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The Great Inflation in the United States and the United Kingdom: Reconciling Policy Decisions and Data Outcomes

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  • Riccardo DiCecio
  • Edward Nelson

Abstract

We argue that the Great Inflation experienced by both the United Kingdom and the United States in the 1970s has an explanation valid for both countries. The explanation does not appeal to common shocks or to exchange rate linkages, but to the common doctrine underlying the systematic monetary policy choices in each country. The nonmonetary approach to inflation control that was already influential in the United Kingdom came to be adopted by the United States during the 1970s. We document our position by examining official policymaking doctrine in the United Kingdom and the United States in the 1970s, and by considering results from a structural macroeconomic model estimated using U.K. data.

Suggested Citation

  • Riccardo DiCecio & Edward Nelson, 2009. "The Great Inflation in the United States and the United Kingdom: Reconciling Policy Decisions and Data Outcomes," NBER Working Papers 14895, National Bureau of Economic Research, Inc.
  • Handle: RePEc:nbr:nberwo:14895
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    References listed on IDEAS

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    Cited by:

    1. Charles L. Weise, 2012. "Political Pressures on Monetary Policy during the US Great Inflation," American Economic Journal: Macroeconomics, American Economic Association, vol. 4(2), pages 33-64, April.
    2. Michael Bordo & Pierre Siklos, 2014. "Central Bank Credibility, Reputation and Inflation Targeting in Historical Perspective," NBER Working Papers 20693, National Bureau of Economic Research, Inc.
    3. Hendrickson, Joshua, 2010. "An Overhaul of Fed Doctrine: Nominal Income and the Great Moderation," MPRA Paper 20346, University Library of Munich, Germany.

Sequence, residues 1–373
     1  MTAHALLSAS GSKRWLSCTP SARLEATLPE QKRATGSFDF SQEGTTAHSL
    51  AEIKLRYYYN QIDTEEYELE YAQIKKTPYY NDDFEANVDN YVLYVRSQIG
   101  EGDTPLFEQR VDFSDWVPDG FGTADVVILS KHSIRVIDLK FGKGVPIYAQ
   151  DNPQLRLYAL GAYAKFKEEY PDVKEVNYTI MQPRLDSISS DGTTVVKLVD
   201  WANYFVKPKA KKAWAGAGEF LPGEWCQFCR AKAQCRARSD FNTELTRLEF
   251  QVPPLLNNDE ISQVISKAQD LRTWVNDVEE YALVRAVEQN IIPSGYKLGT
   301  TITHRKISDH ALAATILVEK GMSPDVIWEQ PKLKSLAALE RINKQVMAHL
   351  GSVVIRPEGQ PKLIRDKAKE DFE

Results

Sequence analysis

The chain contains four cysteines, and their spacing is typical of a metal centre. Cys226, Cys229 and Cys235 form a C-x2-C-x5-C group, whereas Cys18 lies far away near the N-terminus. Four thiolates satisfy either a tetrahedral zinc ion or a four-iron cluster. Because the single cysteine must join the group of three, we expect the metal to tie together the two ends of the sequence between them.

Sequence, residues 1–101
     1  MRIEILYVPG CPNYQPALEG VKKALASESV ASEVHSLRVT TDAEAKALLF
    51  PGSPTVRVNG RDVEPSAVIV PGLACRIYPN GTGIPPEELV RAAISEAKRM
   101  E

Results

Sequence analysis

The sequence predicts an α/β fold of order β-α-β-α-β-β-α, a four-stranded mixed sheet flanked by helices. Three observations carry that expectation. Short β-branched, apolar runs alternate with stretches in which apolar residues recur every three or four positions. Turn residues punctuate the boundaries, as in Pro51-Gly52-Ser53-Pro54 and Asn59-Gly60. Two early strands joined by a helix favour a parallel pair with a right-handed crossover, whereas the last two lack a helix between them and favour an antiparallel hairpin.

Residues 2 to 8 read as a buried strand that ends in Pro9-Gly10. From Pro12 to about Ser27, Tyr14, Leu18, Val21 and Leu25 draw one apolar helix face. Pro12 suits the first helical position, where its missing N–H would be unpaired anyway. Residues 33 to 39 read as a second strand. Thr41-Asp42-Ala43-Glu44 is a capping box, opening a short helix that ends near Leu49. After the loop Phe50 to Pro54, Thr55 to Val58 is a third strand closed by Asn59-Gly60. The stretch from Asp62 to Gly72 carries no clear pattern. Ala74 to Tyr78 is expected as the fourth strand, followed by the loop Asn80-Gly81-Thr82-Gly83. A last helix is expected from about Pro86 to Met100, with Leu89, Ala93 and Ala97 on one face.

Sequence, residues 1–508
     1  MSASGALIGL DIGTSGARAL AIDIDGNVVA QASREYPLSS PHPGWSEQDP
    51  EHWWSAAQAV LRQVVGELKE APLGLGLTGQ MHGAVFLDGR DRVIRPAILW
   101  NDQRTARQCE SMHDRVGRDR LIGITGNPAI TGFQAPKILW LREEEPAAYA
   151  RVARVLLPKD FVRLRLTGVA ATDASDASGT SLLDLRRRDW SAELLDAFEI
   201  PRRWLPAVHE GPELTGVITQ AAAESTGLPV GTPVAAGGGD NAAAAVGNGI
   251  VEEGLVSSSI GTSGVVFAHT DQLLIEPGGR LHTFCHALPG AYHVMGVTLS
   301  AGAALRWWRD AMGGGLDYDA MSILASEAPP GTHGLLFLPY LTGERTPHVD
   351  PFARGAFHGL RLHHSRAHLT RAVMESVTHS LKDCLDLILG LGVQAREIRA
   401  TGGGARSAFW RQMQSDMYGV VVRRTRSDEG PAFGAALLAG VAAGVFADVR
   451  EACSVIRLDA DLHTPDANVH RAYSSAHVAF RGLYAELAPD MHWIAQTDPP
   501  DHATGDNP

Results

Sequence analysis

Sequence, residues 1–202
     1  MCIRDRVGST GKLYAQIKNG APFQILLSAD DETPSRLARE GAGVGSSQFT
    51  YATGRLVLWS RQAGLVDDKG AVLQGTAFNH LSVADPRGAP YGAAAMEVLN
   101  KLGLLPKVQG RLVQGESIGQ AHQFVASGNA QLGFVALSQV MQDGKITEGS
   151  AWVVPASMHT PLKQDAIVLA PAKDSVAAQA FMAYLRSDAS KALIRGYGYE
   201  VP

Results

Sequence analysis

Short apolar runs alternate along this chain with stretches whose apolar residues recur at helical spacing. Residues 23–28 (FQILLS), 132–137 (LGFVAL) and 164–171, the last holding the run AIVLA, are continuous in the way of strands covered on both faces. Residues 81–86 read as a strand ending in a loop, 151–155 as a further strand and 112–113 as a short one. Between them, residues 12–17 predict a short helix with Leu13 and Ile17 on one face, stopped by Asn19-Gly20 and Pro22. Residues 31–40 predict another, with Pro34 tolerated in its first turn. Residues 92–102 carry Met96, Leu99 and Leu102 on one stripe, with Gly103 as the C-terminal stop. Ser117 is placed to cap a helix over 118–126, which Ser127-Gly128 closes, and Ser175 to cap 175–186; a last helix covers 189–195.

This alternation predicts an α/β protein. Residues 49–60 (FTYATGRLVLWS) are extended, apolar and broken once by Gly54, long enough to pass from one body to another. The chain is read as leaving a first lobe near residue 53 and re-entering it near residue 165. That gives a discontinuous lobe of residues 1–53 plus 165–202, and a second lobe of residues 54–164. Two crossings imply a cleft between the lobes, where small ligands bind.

4. Julio J. Rotemberg, 2013. "Shifts in US Federal Reserve Goals and Tactics for Monetary Policy: A Role for Penitence?," Journal of Economic Perspectives, American Economic Association, vol. 27(4), pages 65-86, Fall.
    5. Petrova, Katerina & Kapetanios, George & Masolo, Riccardo & Waldron, Matthew, 2017. "A time varying parameter structural model of the UK economy," Bank of England working papers 677, Bank of England.
    6. Hendrickson, Joshua R., 2012. "An overhaul of Federal Reserve doctrine: Nominal income and the Great Moderation," Journal of Macroeconomics, Elsevier, vol. 34(2), pages 304-317.
    7. Davide Furceri & Prakash Loungani & John Simon & Susan M. Wachter, 2016. "Global food prices and domestic inflation: some cross-country evidence," Oxford Economic Papers, Oxford University Press, vol. 68(3), pages 665-687.
    8. Jacek Suda & Anastasia Zervou, 2016. "International Great Inflation and Common Monetary Policy," Working Papers 20160513_001, Texas A&M University, Department of Economics.
    9. Edward Nelson, 2012. "A Review of Allan Meltzer’s A History of the Federal Reserve, Volume 2," International Journal of Central Banking, International Journal of Central Banking, vol. 8(2), pages 241-266, June.
    10. Philip Liu & Haroon Mumtaz, 2011. "Evolving Macroeconomic Dynamics in a Small Open Economy: An Estimated Markov Switching DSGE Model for the UK," Journal of Money, Credit and Banking, Blackwell Publishing, vol. 43(7), pages 1443-1474, October.

    More about this item

    JEL classification:

    • E31 - Macroeconomics and Monetary Economics - - Prices, Business Fluctuations, and Cycles - - - Price Level; Inflation; Deflation
    • E52 - Macroeconomics and Monetary Economics - - Monetary Policy, Central Banking, and the Supply of Money and Credit - - - Monetary Policy
    • E58 - Macroeconomics and Monetary Economics - - Monetary Policy, Central Banking, and the Supply of Money and Credit - - - Central Banks and Their Policies

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